My friends have stopped asking me what my summer plans are. They’ve stopped inviting me to beach trips and concerts and road trips. Not because they don’t like me anymore, but because they know that there is only place I want to spend my summers: America’s Finest Summer Camps.
They know that all year I count down the stays to pack my bags, buy new tennis shoes (that always get destroyed by the end of camp) and head off to my favorite place in the world. They know that I don’t sleep the night before camp, not because I’m nervous, but because I know there are hundreds of kids going to bed anxious and nervous and excited about going to camp, meeting friends, and meeting their new counselors!
I go back to work at camp every year because it makes me a better person. I feel like investing in the lives of kids and watching them grow, learn and blossom into who they are meant to be beats anything else I could be doing with my summer. I go back every year because I made a goal to be the person my younger self needed. I needed someone to trust, to talk to, to listen to me, to encourage me, to answer my questions and to make me feel important. And so I go back every year to be that to the campers. At the end of a summer I am full of emotion, knowing I enhanced the lives of kids. I didn’t get that sense of satisfaction and purpose after a summer of road trips and concerts and beach trips.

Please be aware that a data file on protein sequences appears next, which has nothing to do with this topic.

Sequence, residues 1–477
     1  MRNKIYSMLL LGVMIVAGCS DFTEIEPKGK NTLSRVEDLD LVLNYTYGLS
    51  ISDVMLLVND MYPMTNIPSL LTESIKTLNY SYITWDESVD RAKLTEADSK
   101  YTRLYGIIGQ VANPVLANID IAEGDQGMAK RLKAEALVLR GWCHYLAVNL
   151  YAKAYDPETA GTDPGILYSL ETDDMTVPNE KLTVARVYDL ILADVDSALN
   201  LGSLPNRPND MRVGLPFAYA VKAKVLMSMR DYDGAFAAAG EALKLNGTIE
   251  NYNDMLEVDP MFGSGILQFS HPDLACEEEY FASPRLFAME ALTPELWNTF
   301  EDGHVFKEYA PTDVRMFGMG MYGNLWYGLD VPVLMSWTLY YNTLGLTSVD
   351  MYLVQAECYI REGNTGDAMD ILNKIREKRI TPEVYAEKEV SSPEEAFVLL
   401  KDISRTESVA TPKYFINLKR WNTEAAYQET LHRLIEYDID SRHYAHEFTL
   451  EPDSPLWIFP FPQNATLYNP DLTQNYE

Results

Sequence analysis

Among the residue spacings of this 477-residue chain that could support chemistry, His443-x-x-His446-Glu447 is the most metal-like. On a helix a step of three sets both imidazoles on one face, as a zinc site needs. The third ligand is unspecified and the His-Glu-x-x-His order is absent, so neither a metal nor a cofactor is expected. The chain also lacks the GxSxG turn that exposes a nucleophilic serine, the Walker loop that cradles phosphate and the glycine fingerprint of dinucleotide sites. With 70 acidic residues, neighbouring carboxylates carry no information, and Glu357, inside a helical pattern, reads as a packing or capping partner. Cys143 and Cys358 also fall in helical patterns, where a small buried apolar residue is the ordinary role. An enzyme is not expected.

I get beach days as a counselor when I spend time kayaking and swimming and fishing on the lake with my campers. I get concerts when I watch kids sing and dance their hearts out on stage. I get to experience adventures as we mountain bike, climb the wall on the ropes course and race down the zip line. But when I do it, I’m not doing it for me, I’m doing it for the dozens of campers who depend, trust and rely on me. And there is not better reason than that.
I go back to camp every year because it is a blast. It is a summer full of fun and excitement, where we learn something new every day. I go back to camp because I’ve built relationships with campers and want to reconnect with them, and be part of the lifelong memories they are making.
My friends see how happy and refreshed I am when I come back from a summer as a counselor, and compare it to how exhausted, sunburnt and broke they feel, and are beginning to ask questions about what it means to be a counselor. They want in on this adventure, this experience that I’ve fallen in love with.
I go back to camp because I become a better person every time I go, and so do the campers. And it fills my heart to be a part of that.